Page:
|This article needs additional citations for verification. (June 2009)|
|Owner||Gulf Publishing and Printing Company|
|Publisher||Abdullah bin Khalifa Al Attiyah|
|Founded||1 June 1978|
|Sister newspapers||Al Raya|
|Official website||Official website|
The Gulf Times newspaper was founded in 1978 as the first publication of the Gulf Publishing and Printing Company in the capital city of Qatar, Doha (or ad-Dawhah). It is one of four English language newspapers in the country (the others being The Peninsula , the Qatar Tribune  and the Qatar Chronicle ). It is published by Abdullah bin Hamad Al Attiyah, the former deputy prime minister and the former head of the Emir's court.
The Gulf Times, Qatar, (the first publication of the Gulf Publishing and Printing Organisation) was founded on 1 June 1978. Its contract was signed and the required license was issued on 5 August 1978, in accordance with the laws of Qatar. The first edition of Gulf Times was published on 10 December 1978, as a black-and-white tabloid, under the leadership of Yousef Jassim Darwish, the editor-in-chief of both Gulf Times and later the sister Arabic-language paper Al Raya.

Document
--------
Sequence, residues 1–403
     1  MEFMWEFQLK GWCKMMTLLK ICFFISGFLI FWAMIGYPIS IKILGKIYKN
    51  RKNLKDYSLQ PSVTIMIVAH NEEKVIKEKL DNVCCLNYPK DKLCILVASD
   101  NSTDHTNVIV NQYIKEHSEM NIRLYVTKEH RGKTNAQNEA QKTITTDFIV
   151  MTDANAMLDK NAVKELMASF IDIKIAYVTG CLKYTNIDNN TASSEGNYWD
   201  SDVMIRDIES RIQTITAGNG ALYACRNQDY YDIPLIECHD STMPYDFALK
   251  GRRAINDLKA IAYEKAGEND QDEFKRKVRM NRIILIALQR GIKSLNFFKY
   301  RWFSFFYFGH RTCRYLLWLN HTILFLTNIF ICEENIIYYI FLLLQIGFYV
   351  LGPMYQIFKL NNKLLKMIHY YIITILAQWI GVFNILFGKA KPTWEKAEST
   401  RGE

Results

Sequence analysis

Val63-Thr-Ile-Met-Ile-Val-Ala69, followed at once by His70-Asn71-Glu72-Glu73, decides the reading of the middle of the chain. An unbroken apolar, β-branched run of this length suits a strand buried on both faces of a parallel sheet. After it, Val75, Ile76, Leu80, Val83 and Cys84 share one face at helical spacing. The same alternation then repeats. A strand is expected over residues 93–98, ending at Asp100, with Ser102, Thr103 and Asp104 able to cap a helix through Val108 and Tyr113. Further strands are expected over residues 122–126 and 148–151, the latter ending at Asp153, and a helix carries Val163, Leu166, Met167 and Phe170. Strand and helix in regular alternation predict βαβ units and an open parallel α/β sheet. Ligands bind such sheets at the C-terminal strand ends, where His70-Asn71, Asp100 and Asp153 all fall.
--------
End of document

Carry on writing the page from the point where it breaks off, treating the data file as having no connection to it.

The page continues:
On 1 January 1993, Gulf Publishing & Printing Company - encompassing both the Gulf Times and Al Raya - moved to new headquarters in the Al Hilal Area, on the C Ring Road, with a larger printing press, more up-to-date facilities and more office space. The newspaper could now grow both in physical size and publishing figures.
In December 1995, Gulf Times was converted from tabloid to broadsheet and the content was increased considerably. Currently, a Gulf Times newspaper is 40 pages, broadsheet, with a separate feature section, called 'Time Out'.
The paper is one of the leading publications in the English language market in Qatar. It has been notable for carrying news reports that go beyond the self-censorship usual to the Persian Gulf region. It pioneered reporting of criminal court cases, including reporting serious offences by Qatari nationals and other negative social issues, such as the black market in alcohol, but has since become more conservative. It was the first Gulf paper to document the mistreatment of very young camel jockeys in a report that is credited with leading to the reform of the camel racing industry in several Gulf states.
- "About Us". Gulf Times. Retrieved 19 September 2013.
- William A. Rugh (2004). Arab Mass Media: Newspapers, Radio, and Television in Arab Politics. Greenwood Publishing Group. p. 60. ISBN 978-0-275-98212-6. Retrieved 19 September 2013.